For this reason, once you decided you have enough pressure, more creatures won’t add that much value to your game. This is also the case when you decide that you don’t need much pressure at all since you are winning on the card advantage axis.

Sylvan LibraryDreadhorde ArcanistOko, Thief of CrownsJace, the Mind Sculptor

《Sylvan Library》 and 《Dreadhorde Arcanist》 are the most common ways of doing so, but it can also be applied to bigger threats like 《Oko, Thief of Crowns》 and 《Jace, the Mind Sculptor》.

Playing against Storm with Snow Control, consider a hand like this for our turn three after our opponent has fired some discard spells:

Misty RainforestPonderOko, Thief of CrownsJace, the Mind Sculptor

In this situation, we should cast 《Ponder》 trying to find a 《Force of Will》 or 《Force of Negation》 to defend ourselves while we just try to win the game with 《Jace》. Untapping with 《Jace》 will likely end the game in a turn or two since we should be able to get enough card advantage to outpower our opponent’s topdeck.

However, if we lose that resource war, having an 《Oko》 on the battlefield won’t matter at all. If we win that resource war, we were winning anyway. Here, our best use for 《Oko》 is to be pitched to a potential 《Force of Will》 and I think going with the 《Oko》 pressure is a mistake.

Playing Cantrips vs. Holding Cantrips

Overall, tempo matters more now than it has ever mattered in fair vs fair legacy battles. For this reason, I think the Miracles mirrors where it was correct to hold cantrips forever until we could get the maximum value of every cantrip are long gone.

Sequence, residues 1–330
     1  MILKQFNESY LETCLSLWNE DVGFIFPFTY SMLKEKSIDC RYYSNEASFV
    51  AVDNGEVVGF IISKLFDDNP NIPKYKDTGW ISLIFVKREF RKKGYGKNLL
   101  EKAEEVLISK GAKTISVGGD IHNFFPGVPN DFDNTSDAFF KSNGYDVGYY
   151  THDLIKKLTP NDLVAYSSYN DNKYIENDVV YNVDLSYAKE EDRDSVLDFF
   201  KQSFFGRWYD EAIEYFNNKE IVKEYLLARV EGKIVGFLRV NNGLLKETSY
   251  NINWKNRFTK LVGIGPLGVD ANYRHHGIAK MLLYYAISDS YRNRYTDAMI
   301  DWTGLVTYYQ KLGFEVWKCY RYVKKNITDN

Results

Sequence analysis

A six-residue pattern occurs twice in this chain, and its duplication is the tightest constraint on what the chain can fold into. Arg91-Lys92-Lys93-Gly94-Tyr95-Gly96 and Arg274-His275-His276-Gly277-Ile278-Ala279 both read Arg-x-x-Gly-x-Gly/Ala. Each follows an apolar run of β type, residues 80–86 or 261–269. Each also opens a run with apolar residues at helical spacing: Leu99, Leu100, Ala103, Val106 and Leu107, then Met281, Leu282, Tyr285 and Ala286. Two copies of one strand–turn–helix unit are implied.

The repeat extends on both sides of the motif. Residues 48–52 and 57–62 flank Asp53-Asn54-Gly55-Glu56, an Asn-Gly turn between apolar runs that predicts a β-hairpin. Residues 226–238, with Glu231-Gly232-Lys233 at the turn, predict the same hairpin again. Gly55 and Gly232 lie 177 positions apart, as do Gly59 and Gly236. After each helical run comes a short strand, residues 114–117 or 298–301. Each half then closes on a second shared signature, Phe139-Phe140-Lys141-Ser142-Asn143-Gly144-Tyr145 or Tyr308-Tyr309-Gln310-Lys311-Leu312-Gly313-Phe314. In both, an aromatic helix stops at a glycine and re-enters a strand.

Ice-Fang Coatl

Cards like 《Ice-Fang Coatl》 make it so we often play relatively long games while we still use all our mana every turn. For this reason, I think nowadays I would advocate against holding 《Brainstorm》s in situations where having access to more cards could lead into games where we out-curve our opponent.

It is easy to see when holding a 《Brainstorm》 becomes an advantage later in the game when we get to put back two lands, but it is trickier to identify where casting that 《Brainstorm》 would have led into a game where we would untap on our turn 4 with an 《Oko, Thief of Crowns》 on the battlefield.

The big conclusion for me is that, because of the power level Legacy spells have on 2020, when in doubt, fire that 《Brainstorm》.

There are of course many situations where holding is better, such as a hand that has too many copies of the same effect, but I think the logic behind playing the cantrips faster than before will apply more often than not.

Narset, Parter of Veils

There’s even 《Narset, Parter of Veils》 that is sneaking in some sideboards!

Overall, a notable exception to playing our cantrips “Soon” is playing the Delver Tempo mirror, even though the reason is fundamentally the same. If we expect our opponent to play an extremely powerful threat like 《Oko, Thief of Crowns》 (huh), we can decide not to play our 《Ponder》 to play around 《Daze》 effects if we already have a countermagic effect. A resolved 《Oko》 in game 1 of a tempo mirror is likely a game-winning play, so delaying our cantrips to make it less likely is a common play in those matchups.


If you look for them carefully, you will find many different scenarios where both holding and casting your cantrips could be correct. Magic is an extremely deep game, and that makes it really fun!


Javier Dominguez (Twitter / Twitch)

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Javier Dominguez He is the representative player of Spain. Grand Prix Top 8 is six times, including won the Grand Prix Paris 2014 and Grand Prix Rotterdam 2016 winning victories. At the Pro Tour level, he has brilliant achievement such as winning the 9th place in Pro Tour Battle of Zendikar and Pro Tour Hour of Devastation, and finally top8 in Pro Tour Rivals of Ixalan. Read more articles by Javier Dominguez